The Fine Arts Society of Milton held their opening reception for their annual ‘From Heart to Hand’ Members’ Show & Sale at the Holcim Gallery in Milton last night. Me and my mother, Alida Garside attended the opening, doing a little bit of schmoozing with our fellow FASM artists. Nancy Cuttle and Sandra Spaguolo gave the opening remarks. A few interesting tidbits that I found out about this particular show – it is the fourth show (I’ve participated in three so far), there were 46 participating artists and fourteen different types of artistic media (including watercolour, oil, photography, sculpture, fibre arts and encaustic). The total number of FASM members run somewhere between 100 and 180, depending on when members renew. And FASM has a Facebook and Twitter presence now! Hurray for social media!
The invitation for the exhibition has a lot more information about FASM than previous years. FASM has partnered on a Canada Arts grant with sponsorship from the Milton Mall and some other corporate sponsors. This will definitely be very helpful when the FASM Studio Tour takes place on October 4 & 5 this year.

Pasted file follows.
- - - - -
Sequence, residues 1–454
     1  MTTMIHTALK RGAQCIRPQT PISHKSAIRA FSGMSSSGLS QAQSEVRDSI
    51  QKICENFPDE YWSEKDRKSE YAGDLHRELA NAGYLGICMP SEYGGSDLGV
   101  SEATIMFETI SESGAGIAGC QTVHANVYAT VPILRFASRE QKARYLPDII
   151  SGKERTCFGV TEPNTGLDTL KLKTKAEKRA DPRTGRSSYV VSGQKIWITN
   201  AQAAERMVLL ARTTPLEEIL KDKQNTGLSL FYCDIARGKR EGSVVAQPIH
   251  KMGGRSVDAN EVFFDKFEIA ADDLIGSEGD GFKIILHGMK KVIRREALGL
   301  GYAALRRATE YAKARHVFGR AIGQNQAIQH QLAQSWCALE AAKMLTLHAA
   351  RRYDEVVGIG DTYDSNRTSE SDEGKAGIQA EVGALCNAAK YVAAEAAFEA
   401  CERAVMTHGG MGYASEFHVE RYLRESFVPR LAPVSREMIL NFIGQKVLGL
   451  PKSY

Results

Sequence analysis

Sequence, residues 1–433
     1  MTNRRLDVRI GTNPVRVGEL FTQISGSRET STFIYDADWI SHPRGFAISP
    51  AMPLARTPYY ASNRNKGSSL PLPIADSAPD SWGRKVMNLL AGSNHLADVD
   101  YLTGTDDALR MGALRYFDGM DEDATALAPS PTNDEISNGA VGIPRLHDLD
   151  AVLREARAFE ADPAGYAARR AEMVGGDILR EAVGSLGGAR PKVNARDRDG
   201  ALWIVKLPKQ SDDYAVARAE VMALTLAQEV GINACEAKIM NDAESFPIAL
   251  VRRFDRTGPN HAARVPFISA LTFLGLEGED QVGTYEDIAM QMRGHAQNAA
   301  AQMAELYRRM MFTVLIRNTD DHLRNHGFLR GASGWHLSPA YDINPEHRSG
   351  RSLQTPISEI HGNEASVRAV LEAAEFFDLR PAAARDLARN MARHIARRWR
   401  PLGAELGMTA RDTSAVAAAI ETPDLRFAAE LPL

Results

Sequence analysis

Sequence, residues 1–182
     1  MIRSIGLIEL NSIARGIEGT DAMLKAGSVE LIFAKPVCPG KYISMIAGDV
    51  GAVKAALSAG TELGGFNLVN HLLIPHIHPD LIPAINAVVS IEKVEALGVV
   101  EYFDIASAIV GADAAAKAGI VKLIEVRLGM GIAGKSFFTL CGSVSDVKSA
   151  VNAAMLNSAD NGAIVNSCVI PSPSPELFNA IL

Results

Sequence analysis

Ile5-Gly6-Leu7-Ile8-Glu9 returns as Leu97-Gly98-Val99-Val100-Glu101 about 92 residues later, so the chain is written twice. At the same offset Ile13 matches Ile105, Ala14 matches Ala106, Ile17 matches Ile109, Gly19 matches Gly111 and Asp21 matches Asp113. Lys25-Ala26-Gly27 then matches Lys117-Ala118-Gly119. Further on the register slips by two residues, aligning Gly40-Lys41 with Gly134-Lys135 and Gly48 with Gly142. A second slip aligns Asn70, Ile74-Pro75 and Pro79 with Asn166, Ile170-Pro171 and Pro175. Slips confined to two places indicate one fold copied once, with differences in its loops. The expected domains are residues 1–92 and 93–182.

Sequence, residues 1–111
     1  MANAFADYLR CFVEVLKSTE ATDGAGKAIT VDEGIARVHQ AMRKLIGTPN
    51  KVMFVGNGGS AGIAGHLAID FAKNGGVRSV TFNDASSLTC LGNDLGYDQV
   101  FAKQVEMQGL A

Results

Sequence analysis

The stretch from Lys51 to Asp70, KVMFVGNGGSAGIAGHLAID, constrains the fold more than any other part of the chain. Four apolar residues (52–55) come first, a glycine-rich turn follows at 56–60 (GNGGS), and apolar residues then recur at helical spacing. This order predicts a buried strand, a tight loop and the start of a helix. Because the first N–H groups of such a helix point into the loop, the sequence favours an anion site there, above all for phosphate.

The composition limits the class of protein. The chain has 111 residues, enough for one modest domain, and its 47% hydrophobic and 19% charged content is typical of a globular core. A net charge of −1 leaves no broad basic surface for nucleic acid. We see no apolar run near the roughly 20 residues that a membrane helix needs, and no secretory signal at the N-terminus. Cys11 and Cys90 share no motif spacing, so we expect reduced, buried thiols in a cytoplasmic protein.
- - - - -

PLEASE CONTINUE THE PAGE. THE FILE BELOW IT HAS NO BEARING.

After Nancy and Sandra concluded their welcoming remarks, they asked the artists to stand by their respective artworks. I took a photo of my mother, Alida by her acrylic painting of the waterfront by her cottage. She worked on this painting when she was up at her cottage this summer – the ducks even posed nicely for her! The hanging committee did a nice job of grouping members’ artworks by colour and/or theme – lots of ducks in this gallery spot.
My artwork was hanging in almost the same location as it was for last year’s Juried Art Show – back right corner of the Holcim Gallery. My encaustic mosaic shared space with Bev Hewitt’s abstract stained glass piece that is composed of beautiful and bold coloured glass.
Bev said he didn’t know what his inspiration for this piece was, but that he just went with the flow. He also gave me a few insider types on how to judge the quality of workmanship in stained glass. For instance, in his current work, he has some clear glass that has a ‘grain’ or texture inherent to the glass. In order to use it in his work, Bev creates a template which he numbers so that once he cuts the glass to fit the design, the grain can continue uninterrupted across the leading, adding to the overall visual appeal of the design. Bev is going to be teaching an eight-week introduction to stained glass in October at the Milton’s Centre for the Arts, and if I didn’t already have enough to keep me busy, I would sign up for it in a second!
Bev and I are going to keep running into each other over the summer and autumn with all of the Arts & Crafts show that we have signed to do. It’s nice to have a familiar face to ‘talk shop’ with when there are the lulls between the flurry of customers at your booth. And of course, that means I need to start ramping up on creating new artworks for sale!